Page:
dences of guilt overwhelmingly assemble against a prisoner, there comes a moment when all the people in the court-room, as one man, and without a sign of the common purpose, agree upon a verdict; there is no outward or visible evidence of this decision, but one feels it, and it is a moment of the tensest stress.
The trial of Taylor had reached this point, and there lay a moment of deep silence, when this girl sitting among the witnesses suddenly burst into a very hysteria of tears. She stood up shaking with sobs, her voice choking in her throat, and the tears gushing through her fingers.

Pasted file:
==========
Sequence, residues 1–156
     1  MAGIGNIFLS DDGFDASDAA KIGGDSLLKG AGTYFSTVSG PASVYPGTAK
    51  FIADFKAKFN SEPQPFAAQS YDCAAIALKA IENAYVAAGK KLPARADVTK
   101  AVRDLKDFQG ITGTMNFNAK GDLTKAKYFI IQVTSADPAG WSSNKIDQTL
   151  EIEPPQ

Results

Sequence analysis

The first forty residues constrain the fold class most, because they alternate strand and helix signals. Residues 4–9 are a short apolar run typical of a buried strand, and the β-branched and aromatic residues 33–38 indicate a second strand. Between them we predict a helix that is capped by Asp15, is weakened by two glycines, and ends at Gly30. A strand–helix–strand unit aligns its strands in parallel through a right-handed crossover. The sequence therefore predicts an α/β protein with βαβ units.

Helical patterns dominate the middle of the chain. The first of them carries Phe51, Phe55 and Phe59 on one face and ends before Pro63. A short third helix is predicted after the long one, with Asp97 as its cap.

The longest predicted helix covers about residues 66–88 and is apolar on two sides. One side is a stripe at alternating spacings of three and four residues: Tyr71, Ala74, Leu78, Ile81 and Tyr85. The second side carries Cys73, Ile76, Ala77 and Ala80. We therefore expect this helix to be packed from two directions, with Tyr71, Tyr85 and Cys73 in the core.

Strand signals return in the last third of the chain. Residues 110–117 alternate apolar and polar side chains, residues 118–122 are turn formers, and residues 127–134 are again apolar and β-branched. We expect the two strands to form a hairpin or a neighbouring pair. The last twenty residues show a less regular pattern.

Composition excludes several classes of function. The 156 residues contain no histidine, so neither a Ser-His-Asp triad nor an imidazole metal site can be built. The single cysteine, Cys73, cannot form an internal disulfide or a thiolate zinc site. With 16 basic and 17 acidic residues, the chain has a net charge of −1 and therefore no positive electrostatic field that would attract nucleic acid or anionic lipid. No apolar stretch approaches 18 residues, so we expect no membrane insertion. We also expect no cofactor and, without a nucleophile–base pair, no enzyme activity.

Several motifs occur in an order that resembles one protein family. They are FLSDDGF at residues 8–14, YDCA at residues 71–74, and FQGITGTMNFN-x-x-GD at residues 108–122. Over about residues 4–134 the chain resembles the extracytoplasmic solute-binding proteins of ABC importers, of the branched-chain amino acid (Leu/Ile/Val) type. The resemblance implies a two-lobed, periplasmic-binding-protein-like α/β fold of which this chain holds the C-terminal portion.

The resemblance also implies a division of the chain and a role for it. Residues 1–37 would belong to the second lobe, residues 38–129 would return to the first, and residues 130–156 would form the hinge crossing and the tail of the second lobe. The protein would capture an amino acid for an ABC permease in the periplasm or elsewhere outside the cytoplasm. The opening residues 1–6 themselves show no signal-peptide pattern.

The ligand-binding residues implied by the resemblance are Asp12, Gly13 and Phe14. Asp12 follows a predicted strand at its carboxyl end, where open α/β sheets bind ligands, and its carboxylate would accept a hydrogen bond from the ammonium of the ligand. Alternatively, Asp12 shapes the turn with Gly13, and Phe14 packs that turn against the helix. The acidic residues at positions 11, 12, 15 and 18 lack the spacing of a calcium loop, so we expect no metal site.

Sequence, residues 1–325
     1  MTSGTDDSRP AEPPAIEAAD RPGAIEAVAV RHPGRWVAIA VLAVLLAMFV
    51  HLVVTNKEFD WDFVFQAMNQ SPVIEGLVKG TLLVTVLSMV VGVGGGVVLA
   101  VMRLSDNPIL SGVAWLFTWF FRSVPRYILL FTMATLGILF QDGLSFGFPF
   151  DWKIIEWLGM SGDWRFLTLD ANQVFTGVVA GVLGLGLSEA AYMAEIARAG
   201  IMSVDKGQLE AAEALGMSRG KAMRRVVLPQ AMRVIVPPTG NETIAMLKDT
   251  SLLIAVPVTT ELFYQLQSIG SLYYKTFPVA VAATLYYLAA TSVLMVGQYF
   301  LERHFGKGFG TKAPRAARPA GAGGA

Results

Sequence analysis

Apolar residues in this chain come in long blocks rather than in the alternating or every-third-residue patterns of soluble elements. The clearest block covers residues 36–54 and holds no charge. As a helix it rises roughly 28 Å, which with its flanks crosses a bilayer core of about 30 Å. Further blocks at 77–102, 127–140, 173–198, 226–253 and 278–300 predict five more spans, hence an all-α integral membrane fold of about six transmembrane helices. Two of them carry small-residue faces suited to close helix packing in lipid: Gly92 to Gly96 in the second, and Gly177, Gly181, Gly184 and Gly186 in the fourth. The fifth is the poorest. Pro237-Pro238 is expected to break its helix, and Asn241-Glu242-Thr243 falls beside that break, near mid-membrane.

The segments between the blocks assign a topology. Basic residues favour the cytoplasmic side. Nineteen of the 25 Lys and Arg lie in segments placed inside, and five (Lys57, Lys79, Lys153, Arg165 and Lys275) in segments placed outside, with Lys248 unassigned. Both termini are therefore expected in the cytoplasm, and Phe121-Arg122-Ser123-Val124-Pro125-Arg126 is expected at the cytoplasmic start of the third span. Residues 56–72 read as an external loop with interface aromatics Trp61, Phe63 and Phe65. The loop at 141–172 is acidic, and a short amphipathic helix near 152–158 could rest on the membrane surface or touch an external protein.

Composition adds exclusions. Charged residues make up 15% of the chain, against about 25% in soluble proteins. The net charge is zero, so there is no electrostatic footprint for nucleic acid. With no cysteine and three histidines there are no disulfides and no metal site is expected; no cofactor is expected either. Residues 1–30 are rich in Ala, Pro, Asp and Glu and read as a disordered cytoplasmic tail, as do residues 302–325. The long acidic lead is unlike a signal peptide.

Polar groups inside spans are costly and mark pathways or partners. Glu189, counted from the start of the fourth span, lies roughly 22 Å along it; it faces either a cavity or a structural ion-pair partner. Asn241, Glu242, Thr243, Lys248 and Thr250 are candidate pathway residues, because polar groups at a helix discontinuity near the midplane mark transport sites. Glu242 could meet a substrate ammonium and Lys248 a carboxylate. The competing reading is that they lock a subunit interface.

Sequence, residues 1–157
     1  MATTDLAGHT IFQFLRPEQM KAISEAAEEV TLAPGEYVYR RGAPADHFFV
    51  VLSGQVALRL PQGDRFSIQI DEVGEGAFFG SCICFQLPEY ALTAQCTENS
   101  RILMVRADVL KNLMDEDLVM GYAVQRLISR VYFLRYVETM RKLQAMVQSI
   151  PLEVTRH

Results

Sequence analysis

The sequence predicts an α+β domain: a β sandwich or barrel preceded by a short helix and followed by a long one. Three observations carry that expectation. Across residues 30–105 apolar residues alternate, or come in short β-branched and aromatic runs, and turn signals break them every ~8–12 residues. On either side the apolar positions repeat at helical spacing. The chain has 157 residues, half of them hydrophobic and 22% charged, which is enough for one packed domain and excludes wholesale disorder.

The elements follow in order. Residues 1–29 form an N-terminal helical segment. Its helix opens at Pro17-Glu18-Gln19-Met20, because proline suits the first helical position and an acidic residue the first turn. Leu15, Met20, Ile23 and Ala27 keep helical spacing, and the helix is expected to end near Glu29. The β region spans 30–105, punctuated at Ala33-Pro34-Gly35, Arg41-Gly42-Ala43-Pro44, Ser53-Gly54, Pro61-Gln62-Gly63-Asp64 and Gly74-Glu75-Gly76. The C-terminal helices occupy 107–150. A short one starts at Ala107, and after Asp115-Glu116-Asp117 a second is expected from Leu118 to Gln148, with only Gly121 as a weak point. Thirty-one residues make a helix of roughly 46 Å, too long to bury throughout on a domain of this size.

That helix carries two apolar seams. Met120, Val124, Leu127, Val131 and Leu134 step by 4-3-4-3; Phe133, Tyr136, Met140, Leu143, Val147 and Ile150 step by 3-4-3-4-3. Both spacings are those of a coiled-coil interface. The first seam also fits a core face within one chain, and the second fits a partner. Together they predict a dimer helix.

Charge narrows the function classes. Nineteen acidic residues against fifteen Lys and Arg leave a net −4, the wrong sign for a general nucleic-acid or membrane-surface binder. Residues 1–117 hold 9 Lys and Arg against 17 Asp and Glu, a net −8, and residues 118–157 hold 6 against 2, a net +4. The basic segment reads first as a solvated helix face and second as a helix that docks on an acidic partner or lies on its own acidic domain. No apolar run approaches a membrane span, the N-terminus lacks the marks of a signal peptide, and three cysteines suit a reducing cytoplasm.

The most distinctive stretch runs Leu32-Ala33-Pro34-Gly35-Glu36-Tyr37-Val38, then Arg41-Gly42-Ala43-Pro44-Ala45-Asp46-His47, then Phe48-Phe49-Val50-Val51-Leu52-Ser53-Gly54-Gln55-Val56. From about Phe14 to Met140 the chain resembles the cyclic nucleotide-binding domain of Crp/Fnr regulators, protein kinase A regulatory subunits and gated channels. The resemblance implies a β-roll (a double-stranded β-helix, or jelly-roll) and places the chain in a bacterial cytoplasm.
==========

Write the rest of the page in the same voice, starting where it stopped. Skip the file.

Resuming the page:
What she said was not heard at the time by the audience in the court-room, but it brought the Judge to his feet and the jury crowding about her, and it broke down the silence of the prisoner, and threw him into a perfect fury of denials. We could hear his voice rise above the confusion, and we could see him struggling to get to the girl and stop her. But what she said was presently known to everybody, for it was taken down and signed; and it put the case against Taylor, to use a lawyer's term, out of court.
The girl had killed Marsh herself. And this was the manner and the reason of it: She and Taylor were sweethearts and were to be married. But they had quarreled the night before Marsh's death and the following morning Taylor had left the country. The point of the quarrel was some remark that Marsh had made to Taylor touching the girl's reputation. She had come to the house in the afternoon,